Speed limits on Haverhill Street will be reduced to thirty miles per hour as a result of a 5-0 vote of the Select Board on March 12 after a public hearing on the topic. The hearing began with Traffic and Safety Officer Michael Scouten repeating the presentation that he gave at a prior Select Board meeting. The presentation highlighted current issues with the multiple changes in the speed limit on Haverhill Street which have created a dangerous situation for residents and numerous accidents for the over 12,000 cars that use Haverhill Street daily. There are sections of the road where only sixty-five percent of drivers comply with the current speed limits, which is well below state guidelines of eighty-eight percent compliance.
Thirteen different residents spoke to the board at the hearing, all of which supported a reduced and uniform speed limit on the road, though a few suggested lowering the speed limit to thirty-five miles per hour as opposed to the final decision of thirty miles per hour. Deputy Chief David Clark also recommended that a traffic study be done for the intersection of Haverhill and Franklin Streets to determine if a traffic light at the location could improve safety and efficiency for the intersection. Several residents proposed ideas different from a traffic light, including making the intersection a three-way stop. Most were concerned about the level of traffic back-up that could occur if a light were present. Police Lieutenant Christine Amendola assured the residents that the study would take multiple ideas into account. She continued that she expected the study to be accomplished in the fall.
The speed limit change will be announced using electronic signs before the official signs go up once the snow has cleared. Increased police presence through the spring and summer will help enforce the new rule.
After a long public hearing the Select Board, by a vote 3-2, decided on the fiscal year 2020 water rate of $10.37 per 100 cubic feet or a 3.7% increase. The board also set the FY 2020 sewer rate at $11.03 per 100 cubic feet or an 8.5% increase. The total combined increase is 6.1%. Stormwater rates will remain the same. Town Manager Robert LeLacheur shared that the overall water budget is up 2.2% over FY 2019 and the overall sewer budget is up 8.6% over FY 2019. The FY 2019 rates were unchanged from FY 2018 due to the use of reserve funds to mitigate the impact. He shared that the water fund has $5.5 million in reserves and the sewer fund has $5.2 million in reserves with a recommended balance in each fund of $2.4 million. LeLacheur did counsel that upcoming capital projects should be considered before using a large amount of the reserves to reduce rates. He suggested that no more than $1.1 million total be used to lower rates.
Select Board Member Vanessa Alvarado likened the use of reserve funds to lower rates to using free cash to balance the operational budget, it is fine in the short term but is not a long-term solution. Member Barry Berman suggested that $550,000 of water reserves and $350,000 of sewer reserves be used to mitigate the rate increases for residents. Member John Halsey countered that he believed that all of the recommended limit of $1.1 million should be used and that he would not vote for any solution that did otherwise. “In a year where taxpayers have been hit hard, we can offer some small relief,” Halsey argued. Ultimately the board used a total of $1 million in reserves to calculate the rates that were adopted. Halsey and Member Dan Ensminger were the dissenting votes.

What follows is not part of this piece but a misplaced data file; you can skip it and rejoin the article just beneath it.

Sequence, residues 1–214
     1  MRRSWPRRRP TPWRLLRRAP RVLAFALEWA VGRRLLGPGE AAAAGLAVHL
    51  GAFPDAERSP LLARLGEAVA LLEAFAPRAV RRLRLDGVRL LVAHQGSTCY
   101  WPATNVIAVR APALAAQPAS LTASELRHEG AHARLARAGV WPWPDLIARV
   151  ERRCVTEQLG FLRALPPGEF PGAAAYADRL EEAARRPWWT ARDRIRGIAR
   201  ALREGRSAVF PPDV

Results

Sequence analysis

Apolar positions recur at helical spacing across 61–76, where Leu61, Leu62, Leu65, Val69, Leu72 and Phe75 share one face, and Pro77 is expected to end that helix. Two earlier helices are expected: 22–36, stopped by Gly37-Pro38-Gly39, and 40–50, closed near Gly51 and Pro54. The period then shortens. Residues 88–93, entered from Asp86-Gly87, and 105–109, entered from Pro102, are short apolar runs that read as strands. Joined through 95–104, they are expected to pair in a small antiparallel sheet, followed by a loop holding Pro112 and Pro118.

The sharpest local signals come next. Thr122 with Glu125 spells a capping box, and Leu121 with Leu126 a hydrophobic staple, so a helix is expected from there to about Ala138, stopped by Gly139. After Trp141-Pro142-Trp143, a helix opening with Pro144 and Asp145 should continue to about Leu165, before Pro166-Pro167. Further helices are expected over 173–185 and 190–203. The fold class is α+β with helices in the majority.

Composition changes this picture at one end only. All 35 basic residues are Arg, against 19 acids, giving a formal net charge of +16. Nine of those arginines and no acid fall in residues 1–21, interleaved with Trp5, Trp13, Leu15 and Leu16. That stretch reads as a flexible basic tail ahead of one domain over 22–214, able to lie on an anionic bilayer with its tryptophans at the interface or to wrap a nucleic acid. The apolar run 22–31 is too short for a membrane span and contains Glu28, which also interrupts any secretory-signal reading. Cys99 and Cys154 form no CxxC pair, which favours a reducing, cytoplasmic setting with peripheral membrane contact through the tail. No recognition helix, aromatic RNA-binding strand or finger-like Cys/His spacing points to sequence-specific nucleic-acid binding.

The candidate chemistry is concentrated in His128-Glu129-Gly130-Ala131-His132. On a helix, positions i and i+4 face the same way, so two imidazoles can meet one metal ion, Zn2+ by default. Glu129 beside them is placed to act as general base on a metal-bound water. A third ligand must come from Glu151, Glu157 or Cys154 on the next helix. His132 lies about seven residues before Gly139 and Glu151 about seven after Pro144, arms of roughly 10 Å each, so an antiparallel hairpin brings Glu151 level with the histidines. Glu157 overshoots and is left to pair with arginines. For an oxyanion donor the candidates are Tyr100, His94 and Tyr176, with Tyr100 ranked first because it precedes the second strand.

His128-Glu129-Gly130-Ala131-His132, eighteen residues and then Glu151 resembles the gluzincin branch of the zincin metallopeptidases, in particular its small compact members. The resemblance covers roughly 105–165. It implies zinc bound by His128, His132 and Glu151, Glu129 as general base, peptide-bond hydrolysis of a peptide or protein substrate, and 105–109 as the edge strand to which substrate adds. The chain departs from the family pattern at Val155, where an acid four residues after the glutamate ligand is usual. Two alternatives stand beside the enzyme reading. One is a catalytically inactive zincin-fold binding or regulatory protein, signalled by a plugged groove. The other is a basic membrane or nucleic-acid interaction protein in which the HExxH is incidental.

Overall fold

After a presentation about revised sections one and two of the Select Board policies by Ensminger, the Select Board voted 5-0 to continue the public hearing to March 26 at 8:00 pm. The original time for the continued hearing, by vote, was 9:00 pm but was adjusted to 8:00 pm at the end of the meeting.
The Select Board opened its meeting with a moment of silence in memory of former member Camille Anthony, with each member sharing a personal story during their report. Anthony, who passed away last week, served as a member of the board for eighteen years after she had served on the Conservation Commission for twelve years. The board voted 5-0 to reappoint Sharon Angstrom as Town Accountant. It also voted 5-0 to accept the change on ownership of Anthony’s Coal-Fired Pizza. This vote was necessary because the restaurant holds a liquor license.
After several letters from local business owners, LeLacheur reported on what the process would need to be to grant beer and wine licenses to convenience stores in town. The move would first require a vote of the Select Board, then Town Meeting would need to approve the measure. After this, the legislature would need to approve a home-rule petition. Once these were accomplished, there would need to be a successful ballot initiative in a local election. The board will take up the matter at a future meeting.
The Select Board adjourned at 11:05 pm.